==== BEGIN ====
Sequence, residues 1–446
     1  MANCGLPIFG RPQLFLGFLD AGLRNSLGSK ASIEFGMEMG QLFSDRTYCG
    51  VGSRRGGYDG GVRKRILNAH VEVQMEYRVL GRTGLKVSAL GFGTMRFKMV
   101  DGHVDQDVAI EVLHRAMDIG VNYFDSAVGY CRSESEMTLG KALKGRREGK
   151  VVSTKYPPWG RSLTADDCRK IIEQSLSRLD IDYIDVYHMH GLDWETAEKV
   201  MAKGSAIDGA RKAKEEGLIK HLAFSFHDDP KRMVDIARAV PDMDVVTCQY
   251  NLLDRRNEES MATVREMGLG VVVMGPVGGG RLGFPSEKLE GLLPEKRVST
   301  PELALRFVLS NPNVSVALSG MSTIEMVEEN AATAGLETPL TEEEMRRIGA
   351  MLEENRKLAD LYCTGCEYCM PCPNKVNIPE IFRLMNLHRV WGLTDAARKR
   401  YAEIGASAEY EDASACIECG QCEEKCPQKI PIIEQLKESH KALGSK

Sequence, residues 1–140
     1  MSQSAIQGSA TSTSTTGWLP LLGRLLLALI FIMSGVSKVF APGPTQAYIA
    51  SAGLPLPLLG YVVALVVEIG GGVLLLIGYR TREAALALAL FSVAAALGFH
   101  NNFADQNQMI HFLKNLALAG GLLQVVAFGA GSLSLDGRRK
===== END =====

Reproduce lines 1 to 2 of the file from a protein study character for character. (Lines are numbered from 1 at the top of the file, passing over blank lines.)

Sequence, residues 1–446
     1  MANCGLPIFG RPQLFLGFLD AGLRNSLGSK ASIEFGMEMG QLFSDRTYCG